Are you trying to figure out what is causing the pain on the outside of your knee, like Melinda?
Melinda called me worried about knee problems that she'd been suffering with for months. Melinda’s left knee would ache when she sat longer than 30 minutes. Then when she stood up to stop the discomfort would limp for 3 or 4 steps before she could walk normally. She said her knee just didn’t feel right when she first stood up but it would work itself out after a few steps.
She called me because she started to have difficulty going up stairs and was having to walk down the stairs sideways. Not being able to go up and down the stairs was interfering with her ability to do house work. She was willing to deal with not sitting or standing for long periods of time. However, now she couldn’t do her normal house work without help from her husband and kids. This was causing a lot of stress and resentment in her family.
There’s a brace for basically every body part and injury so they must work, right?
In fact, there’s a specific knee brace for patellofemoral syndrome, it helps by preventing your kneecap from leaving its track.
Before we talk about whether the brace helps patellofemoral syndrome let’s talk about the symptoms of patellofemoral syndrome.
An achy pain on the outside or underneath the kneecap, in addition to, popping or clicking in the knee while walking, running, standing up and sitting down or squatting. Feeling as if you have to bend and straighten your leg to warm up after sitting for longer than 30 minutes.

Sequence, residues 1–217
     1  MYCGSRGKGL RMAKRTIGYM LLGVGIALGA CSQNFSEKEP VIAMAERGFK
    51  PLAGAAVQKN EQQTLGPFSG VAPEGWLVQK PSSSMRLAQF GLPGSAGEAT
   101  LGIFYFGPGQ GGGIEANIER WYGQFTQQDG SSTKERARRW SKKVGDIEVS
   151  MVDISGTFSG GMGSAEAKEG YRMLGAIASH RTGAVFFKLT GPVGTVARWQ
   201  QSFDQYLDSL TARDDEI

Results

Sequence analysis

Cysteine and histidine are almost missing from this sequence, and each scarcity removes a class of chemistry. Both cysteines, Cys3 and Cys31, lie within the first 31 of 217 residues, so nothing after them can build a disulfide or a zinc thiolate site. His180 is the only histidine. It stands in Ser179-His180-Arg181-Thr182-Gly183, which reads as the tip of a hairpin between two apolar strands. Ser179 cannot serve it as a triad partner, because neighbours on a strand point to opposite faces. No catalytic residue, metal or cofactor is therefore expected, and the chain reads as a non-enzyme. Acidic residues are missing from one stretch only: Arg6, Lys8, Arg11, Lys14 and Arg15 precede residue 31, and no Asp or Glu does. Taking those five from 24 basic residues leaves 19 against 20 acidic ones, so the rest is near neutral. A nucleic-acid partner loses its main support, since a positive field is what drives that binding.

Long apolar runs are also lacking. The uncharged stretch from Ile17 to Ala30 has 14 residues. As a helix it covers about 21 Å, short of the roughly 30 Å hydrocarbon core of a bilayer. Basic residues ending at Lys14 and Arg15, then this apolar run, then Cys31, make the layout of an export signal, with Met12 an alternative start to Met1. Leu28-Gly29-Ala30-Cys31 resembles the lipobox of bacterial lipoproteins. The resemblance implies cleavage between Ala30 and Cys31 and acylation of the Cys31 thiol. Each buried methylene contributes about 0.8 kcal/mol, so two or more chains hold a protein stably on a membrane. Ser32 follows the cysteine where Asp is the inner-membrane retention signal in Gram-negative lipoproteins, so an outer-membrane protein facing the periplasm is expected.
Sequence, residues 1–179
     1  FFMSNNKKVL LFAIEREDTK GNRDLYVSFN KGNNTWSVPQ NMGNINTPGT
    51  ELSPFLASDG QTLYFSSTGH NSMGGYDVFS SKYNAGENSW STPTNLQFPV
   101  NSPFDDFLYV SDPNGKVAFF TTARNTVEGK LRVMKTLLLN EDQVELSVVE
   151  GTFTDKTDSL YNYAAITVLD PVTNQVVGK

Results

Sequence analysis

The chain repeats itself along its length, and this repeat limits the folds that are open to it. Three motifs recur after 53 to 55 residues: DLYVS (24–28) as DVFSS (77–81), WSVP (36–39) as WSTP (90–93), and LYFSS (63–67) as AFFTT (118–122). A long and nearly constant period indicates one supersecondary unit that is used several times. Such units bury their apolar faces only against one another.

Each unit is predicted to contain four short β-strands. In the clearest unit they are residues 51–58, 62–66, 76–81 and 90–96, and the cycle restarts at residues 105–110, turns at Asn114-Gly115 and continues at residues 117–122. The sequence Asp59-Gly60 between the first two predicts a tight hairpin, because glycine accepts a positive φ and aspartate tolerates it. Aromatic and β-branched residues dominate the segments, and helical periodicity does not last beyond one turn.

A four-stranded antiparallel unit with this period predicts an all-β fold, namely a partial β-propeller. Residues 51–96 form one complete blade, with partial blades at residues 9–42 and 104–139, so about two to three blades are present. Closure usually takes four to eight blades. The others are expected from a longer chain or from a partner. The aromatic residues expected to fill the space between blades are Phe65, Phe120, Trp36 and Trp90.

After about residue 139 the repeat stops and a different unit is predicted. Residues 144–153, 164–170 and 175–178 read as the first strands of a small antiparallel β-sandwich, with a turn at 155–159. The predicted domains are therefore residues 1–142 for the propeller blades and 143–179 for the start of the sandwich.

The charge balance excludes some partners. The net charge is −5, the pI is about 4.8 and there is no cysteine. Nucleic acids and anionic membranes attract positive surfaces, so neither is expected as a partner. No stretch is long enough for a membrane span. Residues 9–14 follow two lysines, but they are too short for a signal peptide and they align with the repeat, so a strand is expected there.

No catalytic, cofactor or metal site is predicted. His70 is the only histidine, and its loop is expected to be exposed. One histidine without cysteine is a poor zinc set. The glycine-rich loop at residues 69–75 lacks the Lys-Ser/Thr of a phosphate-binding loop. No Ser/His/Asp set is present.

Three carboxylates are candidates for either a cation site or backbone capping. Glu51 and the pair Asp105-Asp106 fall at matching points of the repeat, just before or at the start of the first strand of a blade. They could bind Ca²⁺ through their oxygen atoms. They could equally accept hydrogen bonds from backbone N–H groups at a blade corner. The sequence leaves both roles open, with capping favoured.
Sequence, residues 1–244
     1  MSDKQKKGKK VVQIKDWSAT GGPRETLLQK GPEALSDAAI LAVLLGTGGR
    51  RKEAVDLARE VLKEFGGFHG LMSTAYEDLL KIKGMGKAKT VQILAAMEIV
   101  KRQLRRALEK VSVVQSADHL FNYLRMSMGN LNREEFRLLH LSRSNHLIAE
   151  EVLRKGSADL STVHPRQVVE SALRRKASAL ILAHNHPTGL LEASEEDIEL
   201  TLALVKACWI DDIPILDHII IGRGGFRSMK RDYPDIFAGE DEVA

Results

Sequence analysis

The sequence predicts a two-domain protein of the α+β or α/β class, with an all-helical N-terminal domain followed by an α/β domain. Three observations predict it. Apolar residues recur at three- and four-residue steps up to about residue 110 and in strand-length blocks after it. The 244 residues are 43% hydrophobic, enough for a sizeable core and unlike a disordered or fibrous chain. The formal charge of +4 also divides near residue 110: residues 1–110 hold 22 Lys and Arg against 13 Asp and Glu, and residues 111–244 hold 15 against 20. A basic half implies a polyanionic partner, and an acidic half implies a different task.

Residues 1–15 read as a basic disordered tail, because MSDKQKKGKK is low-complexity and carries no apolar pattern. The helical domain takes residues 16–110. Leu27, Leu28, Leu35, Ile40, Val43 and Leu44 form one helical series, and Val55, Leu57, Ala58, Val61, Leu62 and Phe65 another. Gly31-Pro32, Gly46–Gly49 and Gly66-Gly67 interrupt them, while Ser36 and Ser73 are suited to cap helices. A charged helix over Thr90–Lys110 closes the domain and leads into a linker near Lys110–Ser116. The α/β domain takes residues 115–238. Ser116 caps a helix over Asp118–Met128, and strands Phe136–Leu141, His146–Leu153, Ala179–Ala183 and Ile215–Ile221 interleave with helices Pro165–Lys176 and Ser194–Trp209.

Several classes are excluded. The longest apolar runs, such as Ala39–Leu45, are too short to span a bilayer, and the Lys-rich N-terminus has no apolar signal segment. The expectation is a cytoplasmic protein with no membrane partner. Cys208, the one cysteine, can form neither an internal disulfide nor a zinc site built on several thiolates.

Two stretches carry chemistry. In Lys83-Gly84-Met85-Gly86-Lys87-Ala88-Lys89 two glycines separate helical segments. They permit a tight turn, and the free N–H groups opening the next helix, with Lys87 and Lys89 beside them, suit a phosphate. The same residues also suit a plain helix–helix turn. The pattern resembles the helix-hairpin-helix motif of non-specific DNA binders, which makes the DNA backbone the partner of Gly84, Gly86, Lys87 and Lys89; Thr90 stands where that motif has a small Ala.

This is not an exhaustive list but those are the common complaints from people with patellofemoral syndrome.
If you’ve had knee pain while you run, I bet you’ve considered running with a brace.
I frequently get asked, “Should I run with a knee brace?” “What if I wrapped my knee up really tight could I run?” “Which brace is a good one?”
Rebecca had the same question when I met her. She’d been running with a knee brace for several weeks but found it very concerning that her knee STILL hurt while she was running. She thought she’d bought the wrong type of knee brace.
During the holidays I’m frequently asked health and fitness questions..which I love!
The questions I got this year were mainly about non-invasive knee pain remedies since several of my cousins have started to have knee pain. We’ve all hit that phase of life when your favorite music is ”old” which almost hurts as much as your knees ache. :)
One cousin, in particular, told me her knees ache when she sits for long periods of time making her drive to and from work uncomfortable. For her the pain is not intense, just annoying. She could simply take aspirin to ibuprofen to get rid of the pain BUT she is worried about the effects of taking even over the counter medication daily. She tried a knee brace but that just made her hot and kept falling down her leg. She debated going to her primary care to find out what’s wrong. She didn’t go because she figured they would just prescribe pain killers, injections or surgery, none of which she wanted.